has the Yips," Slottow told me. "The Yips" is a golfing
term applied to a guy who "chokes" and misses when confronted
with a short "money putt."
asked Dick how the Yips applied to fundraisers.
gets sick," Dick told me. "Whenever he has a big meeting
to attend or a tough decision to make he gets the stomach
flu or some other malady that prevents him from showing
up for the big date."
Gorden came a string of Fund Raisers at Queen of the
Valley and finally the Queen hired Jim Lester as their
depended on Dick for his sage advice, including the
advice to hire Michael Slottow, one of Dick's three
sons, as a trainee in the Queen of the Valley Foundation.
1986 when I left Hoag for Orthopaedic Hospital I was
faced with hiring four or five new professional staff
members to replace those who decided to leave with my
predecessor Jon Olson. Dick told me about Michael and
suggested I speak to him about one of our openings.
So, I called him and we made a date to meet, amazingly
in all my trips to the Bay Area I had never met Michael.
he walked into my office I recognized him immediately.
He had his Father's enthusiasm, pleasant attitude, sense
of humor and his slight wiry athletic build. He was
smart like his Dad, too. Luckily, he had inherited his
Mother's good looks.
offered Michael a job and he took it. We had an opportunity
to work together for more than a year and it was a highlight
of my time there.
our two-year tenure, Orthopaedic Hospital had four Chief
man that hired me was Bob Sloan, with whom I had served
on the Board of the California Hospitals Political Action
Committee. I liked Bob a lot and had looked forward
to working for him. Unfortunately he was fired before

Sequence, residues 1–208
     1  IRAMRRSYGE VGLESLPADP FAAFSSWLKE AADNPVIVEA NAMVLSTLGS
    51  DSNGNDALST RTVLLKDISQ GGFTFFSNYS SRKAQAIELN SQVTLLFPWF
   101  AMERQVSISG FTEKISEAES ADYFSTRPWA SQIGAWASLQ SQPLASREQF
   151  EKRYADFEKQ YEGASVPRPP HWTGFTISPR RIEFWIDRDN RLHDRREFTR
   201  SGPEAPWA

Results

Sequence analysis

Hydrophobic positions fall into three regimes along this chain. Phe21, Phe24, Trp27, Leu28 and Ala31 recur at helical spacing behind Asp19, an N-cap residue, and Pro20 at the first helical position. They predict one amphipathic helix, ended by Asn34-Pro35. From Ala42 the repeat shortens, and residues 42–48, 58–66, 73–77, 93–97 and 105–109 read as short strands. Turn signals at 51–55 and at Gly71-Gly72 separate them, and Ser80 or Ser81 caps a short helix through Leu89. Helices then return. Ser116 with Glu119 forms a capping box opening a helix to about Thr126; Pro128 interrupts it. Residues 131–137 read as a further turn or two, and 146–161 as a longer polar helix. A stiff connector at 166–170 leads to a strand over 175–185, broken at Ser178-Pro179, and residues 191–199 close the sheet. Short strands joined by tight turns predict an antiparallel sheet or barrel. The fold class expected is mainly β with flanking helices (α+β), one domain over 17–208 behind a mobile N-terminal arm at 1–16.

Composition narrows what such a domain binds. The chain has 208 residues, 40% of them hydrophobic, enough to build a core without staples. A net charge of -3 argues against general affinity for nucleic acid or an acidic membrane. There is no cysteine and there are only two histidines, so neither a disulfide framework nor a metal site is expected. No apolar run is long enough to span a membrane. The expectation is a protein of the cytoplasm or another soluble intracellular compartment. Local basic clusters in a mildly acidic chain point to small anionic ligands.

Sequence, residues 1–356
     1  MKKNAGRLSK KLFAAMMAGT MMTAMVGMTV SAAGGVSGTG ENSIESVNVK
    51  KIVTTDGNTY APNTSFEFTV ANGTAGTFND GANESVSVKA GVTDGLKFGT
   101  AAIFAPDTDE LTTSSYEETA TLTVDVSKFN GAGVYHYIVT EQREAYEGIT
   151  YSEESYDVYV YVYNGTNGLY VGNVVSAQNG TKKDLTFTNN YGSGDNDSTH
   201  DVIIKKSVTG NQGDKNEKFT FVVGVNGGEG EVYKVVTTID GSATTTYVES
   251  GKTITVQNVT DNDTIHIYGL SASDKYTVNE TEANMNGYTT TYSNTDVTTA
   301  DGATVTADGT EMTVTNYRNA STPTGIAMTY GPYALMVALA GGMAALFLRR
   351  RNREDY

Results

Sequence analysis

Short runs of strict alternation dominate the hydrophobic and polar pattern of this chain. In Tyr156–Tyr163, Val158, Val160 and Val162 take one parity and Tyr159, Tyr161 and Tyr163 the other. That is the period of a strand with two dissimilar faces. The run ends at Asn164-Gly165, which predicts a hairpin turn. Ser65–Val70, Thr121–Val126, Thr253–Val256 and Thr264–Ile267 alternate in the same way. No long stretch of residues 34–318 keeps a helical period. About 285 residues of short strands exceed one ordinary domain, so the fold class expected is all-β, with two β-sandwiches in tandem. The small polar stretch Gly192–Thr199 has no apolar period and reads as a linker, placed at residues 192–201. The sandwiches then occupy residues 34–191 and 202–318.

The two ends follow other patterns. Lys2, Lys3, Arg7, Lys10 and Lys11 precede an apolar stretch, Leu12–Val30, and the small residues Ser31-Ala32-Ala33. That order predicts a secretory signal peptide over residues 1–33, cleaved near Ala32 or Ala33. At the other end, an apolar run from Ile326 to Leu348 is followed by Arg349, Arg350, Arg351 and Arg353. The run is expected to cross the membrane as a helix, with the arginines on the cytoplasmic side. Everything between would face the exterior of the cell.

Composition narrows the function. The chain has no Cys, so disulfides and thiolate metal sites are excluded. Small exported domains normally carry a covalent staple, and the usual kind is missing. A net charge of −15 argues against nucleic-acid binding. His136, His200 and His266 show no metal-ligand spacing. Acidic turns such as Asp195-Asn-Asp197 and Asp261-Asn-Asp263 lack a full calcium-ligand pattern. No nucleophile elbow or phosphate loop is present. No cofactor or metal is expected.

I ever reported to work. His replacement was Dave Arterburn,
who had been Sloan's Assistant. But he didn't last long
because the Hospital continued to lose money and, to
escape, Arterburn accepted a position in Northern California.
the Board of Trustees decided to appoint as CEO one
of their own, a Board member who had previously been
Business Manager for fitness guru Vic Tanney and was
now "between jobs." The other Trustees thought this
was sufficient "Health Care" experience. He ran the
place into the ground so that the Board in desperation
conducted a search, which turned up a former For-Profit
Hospital Administrator with the ethics of a Trial Lawyer.
That's when I quit and went to work for the Sisters
of St. Joseph of Orange.
Michael yearned to return to the ski slopes of Colorado.
When he was offered a job sufficiently high on the mountain
to guarantee continuous winter snowfall he leaped at
the chance and as far as I know he hasn't come down
along the way Dick and I decided to form a partnership
for the purpose of doing Executive Searches. Several
times Dick called me for ideas whenever he was doing
a Search for one of his clients and he always shared
his fee with me if someone I suggested was hired. Since
he was in Northern California and I was in the south
we knew just about everyone in the business, better
yet, we knew which ones were really good and which ones
only sounded good.
fundraisers SOUND like they know what they're talking